Fast pace, fast technologies, fast foods.
Five out of ten Filipinos are eating in quick-service restaurants. With so many eateries offering a wide variety of fast foods and drinks in any street corner, the time has come to ask: How safe is the food Filipinos on the go are eating and drinking?
Hand in hand with the boom and growing importance of the food and beverage industry, 47% share of the country’s business and a hefty 37% contribution in employment, is a worrisome increase in food-related and environmental issues, according to authorities at the Department of ourism (DOT).
Among these food and environmental security concerns are related to the nutrition content of street foods and drinks, food handling and safety practices, waste management, and resource use, including water and energy. Most worrisome to health and tourism officials is the increasing cases of food-borne communicable and non-communicable diseases such as food poisoning. In terms of environment protection, the food industry is contributing significantly to the Biological Oxygen Demand (BOD) load and waste packaging materials.
Public awareness of the need for supporting best food manufacturing and food preparation practices has become, therefore, a matter of urgent concern. In line with its campaign to promote green tourism, the DOT is pushing vigorously for the green labeling of food suppliers in the food and beverage industry.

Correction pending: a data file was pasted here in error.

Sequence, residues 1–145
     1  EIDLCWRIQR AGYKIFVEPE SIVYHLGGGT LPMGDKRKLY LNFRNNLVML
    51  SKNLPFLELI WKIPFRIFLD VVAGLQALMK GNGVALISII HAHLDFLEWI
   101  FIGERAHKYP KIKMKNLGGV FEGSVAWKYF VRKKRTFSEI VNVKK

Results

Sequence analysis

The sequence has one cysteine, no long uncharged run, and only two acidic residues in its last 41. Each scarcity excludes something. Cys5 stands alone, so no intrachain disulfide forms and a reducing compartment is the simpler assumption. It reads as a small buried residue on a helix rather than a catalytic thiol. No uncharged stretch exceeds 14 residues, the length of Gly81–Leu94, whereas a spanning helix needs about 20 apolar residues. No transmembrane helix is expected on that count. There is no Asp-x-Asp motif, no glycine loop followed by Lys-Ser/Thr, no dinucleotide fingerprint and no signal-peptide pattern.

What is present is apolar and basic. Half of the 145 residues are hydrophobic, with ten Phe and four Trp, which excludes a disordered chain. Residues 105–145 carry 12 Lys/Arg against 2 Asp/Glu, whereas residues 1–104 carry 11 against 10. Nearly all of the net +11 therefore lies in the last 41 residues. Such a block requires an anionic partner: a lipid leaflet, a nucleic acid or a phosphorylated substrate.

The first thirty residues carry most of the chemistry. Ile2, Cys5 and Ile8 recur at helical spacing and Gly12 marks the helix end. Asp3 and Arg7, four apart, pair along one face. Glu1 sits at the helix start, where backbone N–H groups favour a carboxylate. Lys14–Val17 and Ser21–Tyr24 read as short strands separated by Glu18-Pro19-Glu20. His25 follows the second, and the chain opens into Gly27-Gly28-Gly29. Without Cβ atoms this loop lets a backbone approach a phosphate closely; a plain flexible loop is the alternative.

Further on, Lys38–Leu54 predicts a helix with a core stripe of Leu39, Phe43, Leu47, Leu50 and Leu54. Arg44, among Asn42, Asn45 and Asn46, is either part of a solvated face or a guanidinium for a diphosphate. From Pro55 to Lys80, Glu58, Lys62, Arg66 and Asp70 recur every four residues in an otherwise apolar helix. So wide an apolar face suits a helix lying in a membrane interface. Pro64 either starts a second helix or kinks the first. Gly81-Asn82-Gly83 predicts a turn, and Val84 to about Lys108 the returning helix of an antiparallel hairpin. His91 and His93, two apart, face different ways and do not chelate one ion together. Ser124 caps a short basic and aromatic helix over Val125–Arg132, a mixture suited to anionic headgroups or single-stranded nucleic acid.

The DOT is actively working with the National Eco-Labelling Program (NELP) which provides the ISO-certified Green Choice-Philippines label to safeguard public health and well being in the operation of the country’s restaurants and convenience stores.
The NELP under the Green Choice Philippines banner organized the Kalikasan GP3 Expo and Conference on July 23 – 25, 2015 at the SMX Convention Taguig, SM Aura Bonifacio Global City where food security in the burgeoning food and beverage sector in the country was a major point of discussion by tourism, health, and environment experts. S.A. Mable